Rachel Kee is the first international student to finish the University of Southern Queensland's Bachelor of Aviation.
Rachel Kee is the first international student to finish the University of Southern Queensland's Bachelor of Aviation.

Breaking barriers to fulfil dream job in the skies

RACHEL Kee was told growing up that becoming a pilot was something only men could do.

It only spurred her on.

She left her home in Malaysia at 19 to move to Australia and realise her dream.

The Boeing 737-800 simulator was launched at USQ’s Springfield campus in 2017
The Boeing 737-800 simulator was launched at USQ’s Springfield campus in 2017

Ms Kee is the first international student to finish the University of Southern Queensland’s Bachelor of Aviation.

“Aviation degrees are very uncommon in Malaysia and I really wanted to have a higher education, which is why I was keen to move to Australia and study what I love,” she said.

There are more than 300 students enrolled in the degree this year and USQ is the only university in the southern hemisphere to have two flight simulators.

The Boeing 737-800 simulator was launched at its Springfield campus in 2017 and the Airbus A320 arrived in Toowoomba last year.

Ms Kee studied at the growing Springfield campus and will graduate later this year.

“While moving to a new country was daunting at first, I couldn’t have asked for a better experience than studying at USQ,” she said.

“The aviation program allowed me to not only develop an understanding of the aviation industry and connect with real pilots and industry professionals, but also provided an avenue for personal and professional development.

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“I particularly enjoyed getting my hands on the university’s Boeing 737 simulator during my first year of university.

“But aviation is much more than taking off and landing a plane.

“My degree taught me other important aspects such as management, organisation, airline safety and security.”

She knew despite all the blood, sweat and tears put into completing her degree, the challenges being faced by the aviation industry due to COVID-19 would throw up significant hurdles to finding work.

“I was open to any opportunity to get my foot into the door, so I applied for jobs every day and refused to give up,” she said.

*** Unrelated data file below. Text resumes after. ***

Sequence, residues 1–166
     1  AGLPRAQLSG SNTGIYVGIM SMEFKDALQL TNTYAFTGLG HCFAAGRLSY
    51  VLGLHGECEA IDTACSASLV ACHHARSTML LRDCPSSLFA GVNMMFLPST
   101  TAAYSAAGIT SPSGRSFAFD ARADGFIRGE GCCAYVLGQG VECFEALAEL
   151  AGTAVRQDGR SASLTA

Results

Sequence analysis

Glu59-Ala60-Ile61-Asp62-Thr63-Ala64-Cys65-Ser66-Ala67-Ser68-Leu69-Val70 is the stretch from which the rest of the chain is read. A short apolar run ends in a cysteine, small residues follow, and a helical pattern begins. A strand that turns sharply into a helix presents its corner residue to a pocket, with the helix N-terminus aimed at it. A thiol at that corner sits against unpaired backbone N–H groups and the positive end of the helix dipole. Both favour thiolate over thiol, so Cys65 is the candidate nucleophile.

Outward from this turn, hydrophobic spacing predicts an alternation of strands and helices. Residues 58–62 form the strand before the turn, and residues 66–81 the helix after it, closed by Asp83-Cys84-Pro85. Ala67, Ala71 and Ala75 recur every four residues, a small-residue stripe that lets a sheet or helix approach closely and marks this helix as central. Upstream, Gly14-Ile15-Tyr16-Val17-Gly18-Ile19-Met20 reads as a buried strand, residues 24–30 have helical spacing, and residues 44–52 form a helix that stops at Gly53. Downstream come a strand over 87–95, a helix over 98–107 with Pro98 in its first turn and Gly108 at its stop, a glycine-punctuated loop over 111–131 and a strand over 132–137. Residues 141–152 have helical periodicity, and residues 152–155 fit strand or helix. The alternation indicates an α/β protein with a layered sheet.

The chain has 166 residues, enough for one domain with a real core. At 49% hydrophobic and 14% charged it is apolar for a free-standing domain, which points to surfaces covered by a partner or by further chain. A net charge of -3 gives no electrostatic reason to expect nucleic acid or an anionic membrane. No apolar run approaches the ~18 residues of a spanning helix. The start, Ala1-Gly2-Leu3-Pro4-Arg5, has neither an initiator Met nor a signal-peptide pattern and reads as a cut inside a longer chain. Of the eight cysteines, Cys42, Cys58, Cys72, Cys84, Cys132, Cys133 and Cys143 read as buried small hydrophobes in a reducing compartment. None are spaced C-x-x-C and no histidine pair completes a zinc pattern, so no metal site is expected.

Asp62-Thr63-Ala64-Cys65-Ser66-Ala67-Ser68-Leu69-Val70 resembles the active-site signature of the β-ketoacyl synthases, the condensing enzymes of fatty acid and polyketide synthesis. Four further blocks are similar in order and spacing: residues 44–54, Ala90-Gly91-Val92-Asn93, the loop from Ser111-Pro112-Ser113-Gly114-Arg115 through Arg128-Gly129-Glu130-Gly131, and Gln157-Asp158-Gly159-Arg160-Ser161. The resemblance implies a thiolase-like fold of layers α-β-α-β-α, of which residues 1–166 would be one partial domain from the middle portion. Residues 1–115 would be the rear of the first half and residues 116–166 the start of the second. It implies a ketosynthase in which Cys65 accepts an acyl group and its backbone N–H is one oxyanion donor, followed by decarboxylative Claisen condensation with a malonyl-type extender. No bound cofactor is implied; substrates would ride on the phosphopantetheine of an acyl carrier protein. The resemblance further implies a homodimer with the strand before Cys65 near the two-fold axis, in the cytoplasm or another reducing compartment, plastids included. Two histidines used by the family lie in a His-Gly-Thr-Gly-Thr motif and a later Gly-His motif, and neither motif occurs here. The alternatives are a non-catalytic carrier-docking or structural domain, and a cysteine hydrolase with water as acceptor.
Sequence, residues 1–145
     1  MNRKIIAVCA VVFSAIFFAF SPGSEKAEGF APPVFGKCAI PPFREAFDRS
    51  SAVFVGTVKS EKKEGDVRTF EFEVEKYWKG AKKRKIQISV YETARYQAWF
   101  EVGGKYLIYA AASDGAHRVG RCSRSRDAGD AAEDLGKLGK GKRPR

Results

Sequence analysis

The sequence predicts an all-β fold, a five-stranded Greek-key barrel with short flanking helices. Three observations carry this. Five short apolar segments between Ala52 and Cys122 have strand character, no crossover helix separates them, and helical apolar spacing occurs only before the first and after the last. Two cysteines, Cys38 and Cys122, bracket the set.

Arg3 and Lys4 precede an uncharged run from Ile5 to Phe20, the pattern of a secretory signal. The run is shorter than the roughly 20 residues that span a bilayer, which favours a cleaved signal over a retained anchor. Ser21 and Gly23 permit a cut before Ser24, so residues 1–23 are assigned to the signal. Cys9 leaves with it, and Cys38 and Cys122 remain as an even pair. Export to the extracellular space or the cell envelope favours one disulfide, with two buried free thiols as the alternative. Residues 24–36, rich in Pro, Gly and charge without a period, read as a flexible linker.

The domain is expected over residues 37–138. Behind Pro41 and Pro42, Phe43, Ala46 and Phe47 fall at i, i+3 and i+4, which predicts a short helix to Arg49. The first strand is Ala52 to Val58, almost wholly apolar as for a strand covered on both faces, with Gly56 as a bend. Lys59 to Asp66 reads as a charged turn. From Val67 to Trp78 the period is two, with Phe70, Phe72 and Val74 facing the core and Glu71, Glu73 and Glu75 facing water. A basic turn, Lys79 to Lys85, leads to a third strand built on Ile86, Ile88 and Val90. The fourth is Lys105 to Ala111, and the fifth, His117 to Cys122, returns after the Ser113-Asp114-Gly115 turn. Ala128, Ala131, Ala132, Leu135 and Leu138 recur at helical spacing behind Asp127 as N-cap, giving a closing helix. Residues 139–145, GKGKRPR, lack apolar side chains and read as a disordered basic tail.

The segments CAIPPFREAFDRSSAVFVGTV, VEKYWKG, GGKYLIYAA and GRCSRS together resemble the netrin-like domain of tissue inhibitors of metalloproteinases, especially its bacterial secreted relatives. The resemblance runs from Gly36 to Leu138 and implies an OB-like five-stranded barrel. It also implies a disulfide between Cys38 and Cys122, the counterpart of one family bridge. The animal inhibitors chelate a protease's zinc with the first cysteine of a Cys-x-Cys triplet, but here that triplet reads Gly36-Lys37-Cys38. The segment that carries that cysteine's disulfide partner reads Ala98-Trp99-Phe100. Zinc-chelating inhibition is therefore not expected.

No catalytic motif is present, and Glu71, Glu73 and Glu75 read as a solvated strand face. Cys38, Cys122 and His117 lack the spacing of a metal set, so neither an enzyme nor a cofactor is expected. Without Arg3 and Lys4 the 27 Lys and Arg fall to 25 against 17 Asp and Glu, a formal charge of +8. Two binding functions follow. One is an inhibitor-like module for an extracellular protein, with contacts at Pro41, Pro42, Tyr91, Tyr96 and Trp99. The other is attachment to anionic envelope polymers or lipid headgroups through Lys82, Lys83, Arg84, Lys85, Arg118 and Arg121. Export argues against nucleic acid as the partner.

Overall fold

Three months after completing her degree she was offered a job as a compliance officer at Archerfield Airport.

“I was fairly surprised when I got the job offer,” she said.

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“I thought I might be waiting until the sector started to return to normal before I would find a job, but I’m very lucky and grateful.

“I really enjoy my job and having an important role in making sure the airport is a safe environment for everyone.

“Additionally, I get to see planes and choppers fly in and out of the airport every day which is pretty cool.”

Ms Kee one day wants to become a commercial airline pilot.

“My father once told me that he wanted to be a pilot, which is what sparked my interest in aviation,” she said.

“Ever since then, I have been captivated by the thought of seeing the world from the left-hand seat of an aircraft cockpit.

“Once the sector bounces back, I would like to work towards getting my commercial pilot licence and maybe join an airline’s cadetship program to gain an air transport pilot licence.”

Although she is excited for her graduation, COVID-19 travel restrictions will stop loved ones from back home attending the special event.

It has been more than a year since she has seen her family and friends from Malaysia.

“Sadly, my family won’t be able to attend my graduation ceremony because of COVID-19, which is unfortunate because they have always been supportive of my decisions and letting me follow my dreams,” she said.

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Read more stories by Lachlan McIvor here.